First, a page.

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Canada’s Federal Court has just issued a ruling that grants the federal government complete latitude to block development projects in order to protect at-risk species. The species in question in this case is the western chorus frog, a one-gram amphibian listed in Canada’s Species at Risk Act (SARA). It can be found, among other places, in La Prairie, the south-shore suburb of Montreal at the centre of this particular dispute.
Such a decision establishes a troubling precedent that could have wide-ranging negative consequences for the Canadian economy. This is especially true for regions that depend on the development of our abundant natural resources. For example, if the same logic were applied by the federal government to protect the woodland caribou, also listed in the SARA, thousands of Canadians jobs would be threatened.
Environment and Climate Change Canada recently published a report criticizing the measures taken by the provinces to protect the woodland caribou from coast to coast, and imposed on them a deadline to put in place its proposed recovery plan. This plan would significantly reduce the area where human activity can take place, without necessarily reaching its population protection targets.
In light of this Court decision, a unilateral intervention by the federal government in the case of the woodland caribou is more likely than ever. The consequences wouldn’t be benign.
For instance, roughly half of Ontario’s forestry activity takes place in woodland caribou habitat and could therefore be affected. This portion of Ontario’s forestry industry represents $2.6 billion in economic activity and 18,300 direct jobs in communities that depend on it, such as Kenora, Thunder Bay, and Cochrane.
The Montreal Economic Institute has also estimated that a moratorium on forestry activity in woodland caribou habitat would eliminate over 5,700 jobs in the province of Quebec and cost the forestry industry $740 million. In a nutshell, for every woodland caribou saved in Quebec, 72 jobs and $9 million in economic activity would be wiped out.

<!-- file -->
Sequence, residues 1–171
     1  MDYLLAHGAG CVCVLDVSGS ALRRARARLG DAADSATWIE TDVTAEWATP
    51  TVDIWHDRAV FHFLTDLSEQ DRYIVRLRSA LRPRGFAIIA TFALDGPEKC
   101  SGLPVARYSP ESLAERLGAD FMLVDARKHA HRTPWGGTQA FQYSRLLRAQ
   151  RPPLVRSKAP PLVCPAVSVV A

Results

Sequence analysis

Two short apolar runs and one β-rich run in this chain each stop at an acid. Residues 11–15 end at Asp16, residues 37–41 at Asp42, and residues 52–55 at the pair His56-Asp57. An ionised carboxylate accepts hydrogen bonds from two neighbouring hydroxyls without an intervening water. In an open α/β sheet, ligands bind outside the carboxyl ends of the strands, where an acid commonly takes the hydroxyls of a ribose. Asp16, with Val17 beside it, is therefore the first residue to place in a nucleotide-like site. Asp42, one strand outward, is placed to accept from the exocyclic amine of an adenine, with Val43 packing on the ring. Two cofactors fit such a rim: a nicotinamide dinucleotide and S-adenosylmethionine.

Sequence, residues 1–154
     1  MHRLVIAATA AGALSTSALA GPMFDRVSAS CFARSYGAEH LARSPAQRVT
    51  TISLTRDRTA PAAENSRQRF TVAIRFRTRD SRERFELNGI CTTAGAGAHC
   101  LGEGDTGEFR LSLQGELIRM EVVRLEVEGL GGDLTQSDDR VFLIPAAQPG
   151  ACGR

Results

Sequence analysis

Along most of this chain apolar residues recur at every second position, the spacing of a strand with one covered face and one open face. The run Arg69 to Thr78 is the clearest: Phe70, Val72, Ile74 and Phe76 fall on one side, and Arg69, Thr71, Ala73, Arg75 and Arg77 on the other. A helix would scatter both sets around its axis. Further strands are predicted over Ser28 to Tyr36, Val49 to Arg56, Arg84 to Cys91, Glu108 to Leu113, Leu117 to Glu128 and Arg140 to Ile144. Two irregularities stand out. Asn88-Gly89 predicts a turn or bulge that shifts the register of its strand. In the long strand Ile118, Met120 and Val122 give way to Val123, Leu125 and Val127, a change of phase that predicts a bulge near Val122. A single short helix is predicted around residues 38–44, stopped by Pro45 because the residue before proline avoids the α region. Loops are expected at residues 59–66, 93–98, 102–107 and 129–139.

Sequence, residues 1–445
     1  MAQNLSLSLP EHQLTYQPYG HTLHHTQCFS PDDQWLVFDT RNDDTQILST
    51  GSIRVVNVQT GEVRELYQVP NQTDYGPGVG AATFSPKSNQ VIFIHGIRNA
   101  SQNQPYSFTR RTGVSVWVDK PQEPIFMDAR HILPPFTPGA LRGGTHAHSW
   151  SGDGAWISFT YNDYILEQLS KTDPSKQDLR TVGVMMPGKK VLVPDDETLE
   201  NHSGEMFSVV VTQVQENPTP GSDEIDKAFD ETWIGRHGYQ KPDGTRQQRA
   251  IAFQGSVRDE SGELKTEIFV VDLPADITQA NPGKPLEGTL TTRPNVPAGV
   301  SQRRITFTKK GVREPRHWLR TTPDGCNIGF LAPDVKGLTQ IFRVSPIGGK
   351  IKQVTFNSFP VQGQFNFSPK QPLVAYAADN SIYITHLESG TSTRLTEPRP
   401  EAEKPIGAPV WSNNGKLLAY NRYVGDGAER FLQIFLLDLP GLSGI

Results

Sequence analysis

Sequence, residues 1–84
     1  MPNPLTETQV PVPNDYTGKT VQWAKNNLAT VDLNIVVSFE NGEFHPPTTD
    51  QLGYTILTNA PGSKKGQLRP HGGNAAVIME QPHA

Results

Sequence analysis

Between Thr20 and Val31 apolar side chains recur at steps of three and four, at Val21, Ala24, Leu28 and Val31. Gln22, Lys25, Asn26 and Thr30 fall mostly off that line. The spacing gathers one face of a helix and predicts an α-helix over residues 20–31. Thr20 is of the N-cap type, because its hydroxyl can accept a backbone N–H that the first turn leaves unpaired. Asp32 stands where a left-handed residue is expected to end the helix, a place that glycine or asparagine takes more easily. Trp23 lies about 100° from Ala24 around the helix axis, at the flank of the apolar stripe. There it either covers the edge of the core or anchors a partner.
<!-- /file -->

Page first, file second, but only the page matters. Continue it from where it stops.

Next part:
The economic impact would not be limited to forestry. Recreational tourism activities like hunting and fishing, as well as mining activity and the presence of various sorts of infrastructure, would also be targeted by the recovery plan. It would raise the economic costs considerably.
Everyone agrees that Canada’s biodiversity is a precious gift that must be preserved. Conservation efforts are not automatically a hindrance to economic development. This is why the federal government must go forward with a balanced approach when pondering appropriate action to take to protect at-risk species. That means it should also cooperate with each province that actually has its own equivalent of SARA.
In fact, the Species at Risk Act itself requires that the socioeconomic effect on communities must also be considered in the implementation of habitat protection measures.
The Court’s decision, if it is upheld, could have a profound effect on development projects across this country for decades to come. The federal government must not be given a free pass to ignore the impact of its decisions on jobs and economic activity across Canada.
What this ruling appears to allow is tantamount to the complete disregard of the legitimate concerns of provinces, and of private property itself, by Ottawa. Provincial decision-makers and economic stakeholders would be well-advised to take heed, and indeed to fight back against this regulatory overreach.
Alexandre Moreau est analyste en politiques publiques à l’Institut économique de Montréal. Il signe ce texte à titre personnel.